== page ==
The limited knowledge and/or the inability to control physiological condition parameters that influence the fate of organohalogen contaminants (OHCs) has been the foremost confounding aspect in monitoring programs and health risk assessments of wild top predators in the Arctic such as the polar bear (Ursus maritimus). In the present comparative study, we used a potential surrogate Canoidea species for the East Greenland polar bear, the captive sledge dog (Canis familiaris), to investigate some factors that may influence the bioaccumulation and biotransformation of major chlorinated and brominated OHCs in adipose tissue and blood (plasma) of control (fed commercial pork fat) and exposed (fed West Greenland minke whale (Balaenoptera acutorostrata) blubber) adult female sledge dogs. Furthermore, we compared the patterns and concentrations of OHCs and their known or suggested hydroxylated (OH) metabolites (e.g., OH-PCBs) in sledge dogs with those in adipose tissue and blood (plasma) of East Greenland adult female polar bears, and blubber of their main prey species, the ringed seal (Pusa hispida). The two-year feeding regime conducted with sledge dogs led to marked differences in overall adipose tissue (and plasma) OHC residue accumulation between the control and exposed groups. Characteristic prey-to-predator OHC bioaccumulation dynamics for major PCB and PBDE congeners (patterns and concentrations) and biotransformation capacity with respect to PCB metabolite formation and OH-PCB retention distinguished, to some extent, captive sledge dogs and wild polar bears. Based on the present findings, we conclude that the use of surrogate species in toxicological investigations for species in the Canoidea family should be done with great caution, although they remain essential in the context of contaminants research with sensitive arctic top carnivore species such as the polar bear.
PubMed ID
18248775 View in PubMed
Less detail

Determinants of plasma PCB, brominated flame retardants, and organochlorine pesticides in pregnant women and 3 year old children in The Norwegian Mother and Child Cohort Study.

https://arctichealth.org/en/permalink/ahliterature273849
Source
Environ Res. 2016 Apr;146:136-44
Publication Type
Article
Date
Apr-2016
Author
Ida Henriette Caspersen
Helen Engelstad Kvalem
Margaretha Haugen
Anne Lise Brantsæter
Helle Margrete Meltzer
Jan Alexander
Cathrine Thomsen
May Frøshaug
Nanna Margrethe Bruun Bremnes
Sharon Lynn Broadwell
Berit Granum
Manolis Kogevinas
Helle Katrine Knutsen
Source
Environ Res. 2016 Apr;146:136-44
Date
Apr-2016
Language
English
Publication Type
Article
Keywords
Child, Preschool
Cohort Studies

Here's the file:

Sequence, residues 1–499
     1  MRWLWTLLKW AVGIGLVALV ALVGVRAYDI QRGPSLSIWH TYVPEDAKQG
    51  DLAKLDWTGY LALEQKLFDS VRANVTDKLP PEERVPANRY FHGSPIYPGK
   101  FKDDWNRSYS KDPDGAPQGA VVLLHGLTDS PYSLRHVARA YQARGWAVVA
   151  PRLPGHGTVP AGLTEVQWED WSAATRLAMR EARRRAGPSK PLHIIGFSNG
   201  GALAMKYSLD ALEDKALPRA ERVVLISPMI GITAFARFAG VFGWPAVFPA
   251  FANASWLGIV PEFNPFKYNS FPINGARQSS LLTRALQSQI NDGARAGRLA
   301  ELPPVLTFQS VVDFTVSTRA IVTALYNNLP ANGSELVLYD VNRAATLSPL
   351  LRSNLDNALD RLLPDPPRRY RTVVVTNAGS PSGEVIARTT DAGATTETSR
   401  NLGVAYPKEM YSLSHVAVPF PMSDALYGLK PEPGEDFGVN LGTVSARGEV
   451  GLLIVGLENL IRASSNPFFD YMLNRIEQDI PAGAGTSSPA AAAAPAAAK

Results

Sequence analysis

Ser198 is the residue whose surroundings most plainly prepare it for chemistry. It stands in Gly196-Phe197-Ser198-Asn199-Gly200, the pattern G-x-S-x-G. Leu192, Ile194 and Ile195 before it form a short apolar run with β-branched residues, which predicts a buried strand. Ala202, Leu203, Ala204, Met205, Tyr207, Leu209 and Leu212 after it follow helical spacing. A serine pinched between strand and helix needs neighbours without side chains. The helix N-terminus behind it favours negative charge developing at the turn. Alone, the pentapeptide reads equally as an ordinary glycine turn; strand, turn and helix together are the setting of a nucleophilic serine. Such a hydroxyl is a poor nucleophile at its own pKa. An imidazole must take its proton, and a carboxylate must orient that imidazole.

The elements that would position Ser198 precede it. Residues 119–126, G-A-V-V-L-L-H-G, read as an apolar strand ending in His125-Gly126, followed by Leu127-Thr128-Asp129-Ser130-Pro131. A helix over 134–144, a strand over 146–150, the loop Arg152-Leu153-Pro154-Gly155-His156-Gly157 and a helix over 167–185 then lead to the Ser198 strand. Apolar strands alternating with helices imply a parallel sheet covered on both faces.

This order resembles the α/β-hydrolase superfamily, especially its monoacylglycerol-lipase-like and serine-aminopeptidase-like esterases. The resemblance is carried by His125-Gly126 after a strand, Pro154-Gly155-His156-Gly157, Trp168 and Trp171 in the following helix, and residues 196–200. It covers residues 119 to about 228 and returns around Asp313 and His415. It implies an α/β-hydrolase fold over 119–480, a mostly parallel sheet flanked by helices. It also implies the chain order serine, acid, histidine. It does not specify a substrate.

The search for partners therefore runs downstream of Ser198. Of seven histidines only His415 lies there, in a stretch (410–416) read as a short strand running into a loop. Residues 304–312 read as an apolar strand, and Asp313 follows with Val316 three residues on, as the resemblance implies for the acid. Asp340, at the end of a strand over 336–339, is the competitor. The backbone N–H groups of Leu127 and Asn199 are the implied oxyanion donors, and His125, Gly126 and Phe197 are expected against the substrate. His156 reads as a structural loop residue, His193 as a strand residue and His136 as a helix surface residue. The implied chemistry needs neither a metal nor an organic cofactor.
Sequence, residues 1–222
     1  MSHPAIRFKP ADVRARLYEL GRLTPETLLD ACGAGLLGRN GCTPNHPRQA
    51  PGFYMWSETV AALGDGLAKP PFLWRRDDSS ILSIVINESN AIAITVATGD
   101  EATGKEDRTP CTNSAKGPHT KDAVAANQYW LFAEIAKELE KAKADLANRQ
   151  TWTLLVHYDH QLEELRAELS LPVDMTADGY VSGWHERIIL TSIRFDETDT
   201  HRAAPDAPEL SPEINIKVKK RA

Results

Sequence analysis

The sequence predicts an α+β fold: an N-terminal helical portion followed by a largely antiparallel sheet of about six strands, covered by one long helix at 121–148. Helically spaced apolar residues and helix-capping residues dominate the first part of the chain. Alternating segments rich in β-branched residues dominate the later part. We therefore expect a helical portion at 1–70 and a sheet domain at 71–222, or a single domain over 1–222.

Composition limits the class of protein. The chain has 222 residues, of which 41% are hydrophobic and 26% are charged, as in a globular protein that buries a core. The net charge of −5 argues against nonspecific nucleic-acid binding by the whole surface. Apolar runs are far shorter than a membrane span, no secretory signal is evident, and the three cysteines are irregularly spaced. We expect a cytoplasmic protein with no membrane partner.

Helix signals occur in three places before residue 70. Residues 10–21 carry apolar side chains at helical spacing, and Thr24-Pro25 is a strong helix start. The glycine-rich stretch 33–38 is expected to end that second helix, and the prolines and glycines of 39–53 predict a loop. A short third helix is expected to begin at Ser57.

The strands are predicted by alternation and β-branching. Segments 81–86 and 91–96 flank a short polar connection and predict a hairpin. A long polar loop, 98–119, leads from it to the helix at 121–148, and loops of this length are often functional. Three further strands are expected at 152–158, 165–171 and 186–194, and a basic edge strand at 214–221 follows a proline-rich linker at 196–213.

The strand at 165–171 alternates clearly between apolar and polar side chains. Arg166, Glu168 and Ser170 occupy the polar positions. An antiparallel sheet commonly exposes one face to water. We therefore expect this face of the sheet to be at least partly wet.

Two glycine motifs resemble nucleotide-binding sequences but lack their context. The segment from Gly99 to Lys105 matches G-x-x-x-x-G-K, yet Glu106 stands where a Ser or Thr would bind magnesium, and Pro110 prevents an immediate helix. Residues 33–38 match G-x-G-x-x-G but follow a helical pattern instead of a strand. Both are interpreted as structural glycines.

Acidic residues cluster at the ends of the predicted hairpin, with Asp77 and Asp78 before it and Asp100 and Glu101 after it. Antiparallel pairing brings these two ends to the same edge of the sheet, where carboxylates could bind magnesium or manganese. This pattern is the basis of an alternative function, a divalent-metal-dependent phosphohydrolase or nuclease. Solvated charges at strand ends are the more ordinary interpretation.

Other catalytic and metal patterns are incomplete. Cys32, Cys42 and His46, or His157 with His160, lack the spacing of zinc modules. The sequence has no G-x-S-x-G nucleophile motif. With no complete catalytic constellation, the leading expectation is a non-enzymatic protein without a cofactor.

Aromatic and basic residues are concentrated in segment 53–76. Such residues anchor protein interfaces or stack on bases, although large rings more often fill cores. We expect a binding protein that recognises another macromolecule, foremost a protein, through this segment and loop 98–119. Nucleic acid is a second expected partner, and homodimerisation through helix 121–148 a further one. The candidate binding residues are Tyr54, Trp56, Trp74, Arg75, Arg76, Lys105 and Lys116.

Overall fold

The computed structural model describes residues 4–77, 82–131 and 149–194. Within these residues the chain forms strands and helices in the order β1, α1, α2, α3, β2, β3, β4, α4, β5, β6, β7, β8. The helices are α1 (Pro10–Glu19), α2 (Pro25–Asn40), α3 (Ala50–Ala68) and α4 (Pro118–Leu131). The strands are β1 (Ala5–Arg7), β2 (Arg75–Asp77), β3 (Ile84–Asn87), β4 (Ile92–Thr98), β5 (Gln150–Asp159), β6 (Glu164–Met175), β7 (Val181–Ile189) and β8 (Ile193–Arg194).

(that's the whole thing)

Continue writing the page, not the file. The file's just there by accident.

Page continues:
Demography
Diet
Environmental Exposure
Environmental monitoring
Environmental pollutants - blood
Female
Flame Retardants - metabolism
Humans
Hydrocarbons, Brominated - blood
Hydrocarbons, Chlorinated - blood
Life Style
Norway
Pesticides - blood
Polybrominated Biphenyls - blood
Polychlorinated biphenyls - blood
Pregnancy
Abstract
Exposure to persistent organic pollutants (POPs) during prenatal and postnatal life has been extensively studied in relation to adverse health effects in children.
The aim was to identify determinants of the concentrations of polychlorinated biphenyls (PCBs), brominated flame retardants (polybrominated diphenyl ethers, PBDEs; polybrominated biphenyl, PBB), and organochlorine pesticides (OCPs) in blood samples from pregnant women and children in The Norwegian Mother and Child Cohort Study (MoBa).
Blood samples were collected from two independent subsamples within MoBa; a group of women (n=96) enrolled in mid-pregnancy during the years 2002-2008 and a group of 3 year old children (n=99) participating during 2010-2011. PCB congeners (74, 99, 138, 153, 180, 170, 194, 209, 105, 114, 118, 156, 157, 167, and 189), brominated flame retardants (PBDE-28, 47, 99, 100, 153, 154, and PBB-153), as well as the OCPs hexachlorobenzene (HCB), oxychlordane, 4,4'dichlorodiphenyltrichloroethane (DDT), and 4,4'dichlorodiphenyldichloroethylene (DDE) were measured in both pregnant women and children.
Age, low parity, and low pre-pregnant BMI were the most important determinants of increased plasma concentrations of POPs in pregnant women. In 3 year old children, prolonged breastfeeding duration was a major determinant of increased POP concentrations. Estimated dietary exposure to PCBs during pregnancy was positively associated with plasma concentrations in 3 year old children, but not in pregnant women. Plasma concentrations were approximately 40% higher in children compared to pregnant women.